I am not going to lie. I almost started to cry as we walked into the building.
I’m not sure the exact reason. We had waited weeks for this appointment and I had woken up feeling the relief that the day had finally come. But as we walked into the building that was labeled The Institute for Neurosciences and Human Behavior I felt my emotions starting to get the best of me.
Armed with my folder filled with teacher and parent evaluations (the Vanderbilt Assessment Scale to be exact), insurance information, and even some school work examples, we waited outside the doctor’s office. I tried not to stare at the eating disorder patients that solemnly walked in front of us and out the back door, most likely on their way out for a smoke break and not a lunch break. We tried hard not to stare at the girl who had written up and down her legs in what appeared to be a black Sharpie marker. Thousands of words squeezed in between the freckles of her ghostly white leg. I stared at the Golfer with eyes that silently cried, “Where the hell are we?”
When the doctor finally opened his door, we stood there awkwardly. Did we all go in? Just the Cheese? Just the parents? First the Cheese and then the parents?
Reading our minds the doctor said, “Why don’t you all come in?”
The appointment was short and sweet. First, he met with us as a family, then just with the Golfer and I, and then finally with the Cheese alone. During our time alone with the doctor we shared our concerns:
- He was a bright boy who we worried would start falling through the educational cracks due to his inability to concentrate.
- He would have hours of homework every night because he couldn’t get it completed in class.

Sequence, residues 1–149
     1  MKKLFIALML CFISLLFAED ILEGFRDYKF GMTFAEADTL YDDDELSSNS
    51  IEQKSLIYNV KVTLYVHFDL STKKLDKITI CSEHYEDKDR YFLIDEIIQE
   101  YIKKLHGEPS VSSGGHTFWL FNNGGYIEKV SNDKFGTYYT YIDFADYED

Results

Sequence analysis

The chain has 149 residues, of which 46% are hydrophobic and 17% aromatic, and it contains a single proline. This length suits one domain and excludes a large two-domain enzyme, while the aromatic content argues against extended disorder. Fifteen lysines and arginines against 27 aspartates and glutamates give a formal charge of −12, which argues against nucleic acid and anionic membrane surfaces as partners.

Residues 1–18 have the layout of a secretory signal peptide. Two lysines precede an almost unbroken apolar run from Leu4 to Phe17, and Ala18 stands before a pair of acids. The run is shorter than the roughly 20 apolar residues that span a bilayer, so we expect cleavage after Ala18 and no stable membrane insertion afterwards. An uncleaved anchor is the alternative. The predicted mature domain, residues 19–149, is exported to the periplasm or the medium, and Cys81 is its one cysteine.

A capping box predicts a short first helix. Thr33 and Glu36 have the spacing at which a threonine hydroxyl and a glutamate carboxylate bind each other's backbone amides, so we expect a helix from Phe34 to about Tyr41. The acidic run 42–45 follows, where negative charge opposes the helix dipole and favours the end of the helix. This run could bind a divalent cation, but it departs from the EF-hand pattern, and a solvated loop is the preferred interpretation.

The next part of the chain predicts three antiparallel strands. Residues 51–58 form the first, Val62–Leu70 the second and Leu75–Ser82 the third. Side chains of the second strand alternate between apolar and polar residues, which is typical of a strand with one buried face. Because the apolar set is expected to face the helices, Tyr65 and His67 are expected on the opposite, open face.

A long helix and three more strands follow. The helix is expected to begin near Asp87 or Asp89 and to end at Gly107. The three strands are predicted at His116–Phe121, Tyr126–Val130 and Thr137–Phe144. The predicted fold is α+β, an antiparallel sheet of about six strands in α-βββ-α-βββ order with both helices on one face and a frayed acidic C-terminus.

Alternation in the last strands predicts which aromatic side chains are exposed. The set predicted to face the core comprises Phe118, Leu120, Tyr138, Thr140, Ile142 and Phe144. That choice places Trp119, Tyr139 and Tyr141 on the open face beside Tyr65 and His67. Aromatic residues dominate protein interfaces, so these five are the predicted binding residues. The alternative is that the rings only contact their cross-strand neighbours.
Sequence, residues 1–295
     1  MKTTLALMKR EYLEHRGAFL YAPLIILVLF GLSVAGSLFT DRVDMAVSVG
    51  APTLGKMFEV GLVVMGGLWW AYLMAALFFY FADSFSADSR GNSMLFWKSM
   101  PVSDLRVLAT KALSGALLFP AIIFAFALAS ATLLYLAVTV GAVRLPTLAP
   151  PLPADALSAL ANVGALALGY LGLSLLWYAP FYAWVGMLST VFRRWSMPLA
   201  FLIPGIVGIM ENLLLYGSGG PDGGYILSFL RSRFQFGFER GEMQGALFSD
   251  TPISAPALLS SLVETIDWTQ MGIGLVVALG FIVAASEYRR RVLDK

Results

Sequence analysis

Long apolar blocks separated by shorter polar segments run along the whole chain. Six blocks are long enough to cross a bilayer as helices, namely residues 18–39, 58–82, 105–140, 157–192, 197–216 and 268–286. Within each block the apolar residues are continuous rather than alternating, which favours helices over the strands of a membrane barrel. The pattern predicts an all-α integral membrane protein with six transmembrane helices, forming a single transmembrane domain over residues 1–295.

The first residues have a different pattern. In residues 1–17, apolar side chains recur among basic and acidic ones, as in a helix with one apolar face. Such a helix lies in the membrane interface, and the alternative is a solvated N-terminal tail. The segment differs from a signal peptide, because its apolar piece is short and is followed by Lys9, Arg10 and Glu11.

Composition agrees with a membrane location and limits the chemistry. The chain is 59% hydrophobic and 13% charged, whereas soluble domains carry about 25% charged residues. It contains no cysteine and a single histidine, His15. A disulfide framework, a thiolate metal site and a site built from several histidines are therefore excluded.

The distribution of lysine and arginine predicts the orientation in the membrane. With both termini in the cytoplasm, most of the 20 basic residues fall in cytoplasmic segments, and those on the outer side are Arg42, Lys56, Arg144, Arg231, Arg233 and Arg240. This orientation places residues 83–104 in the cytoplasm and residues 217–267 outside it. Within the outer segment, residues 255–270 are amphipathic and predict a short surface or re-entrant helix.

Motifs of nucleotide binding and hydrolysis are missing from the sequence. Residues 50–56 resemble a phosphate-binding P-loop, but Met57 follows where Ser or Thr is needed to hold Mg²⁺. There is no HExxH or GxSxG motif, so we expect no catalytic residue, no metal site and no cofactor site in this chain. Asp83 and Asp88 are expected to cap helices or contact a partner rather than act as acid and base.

- Simple tasks like remembering to brush teeth and tying his shoes were becoming huge issues.
- He couldn’t pass his multiplication facts because he couldn’t finish the timed-tests (i.e., the answers were right, but he couldn’t finish in the 5 minutes allotted.)
- He couldn’t follow simple, one-step instructions at home. All of this was causing lots of friction between the Cheese and us, and we were worried about our relationship with him.
- He seemed unhappy and constantly, continually out to lunch.
“Does your son show any signs of depression? Anxiety?” the doctor asked us.
You see, usually, there are secondary conditions that accompany the ADHD. Frustrations with peers and parents, social isolation, and rejection can cause these other issues to pop up. We had no idea.
Yes, we told the doctor. We see a lot of anxiety in our son. He worries unnecessarily. He cries easily and has trouble controlling his emotions. He is our sensitive boy and always has been.
“Is there any depression in the family? Any psychiatric disorders? Substance abuse?”
Uh…yeah. Uh, huh. Yep. Definitely. (But that’s another blog series entirely that I will share later.)
Turns out, as the doctor talked to our son one-on-one the anxiety was very apparent. So much so that the doctor seems just as worried about the anxiety as he was the ADHD and gave us a referral to a children’s anxiety clinic.
Not something that I had expected.
Before we knew it, we were given a two-week drug protocol to follow with instructions to call the doctor at the end of the two weeks. We walked away feeling that we had taken a step forward but feeling just as confused and worried and concerned about our son as when we walked in, if not more so. I guess you could say that we were feeling…anxious. Seems that anxiety might run in the family.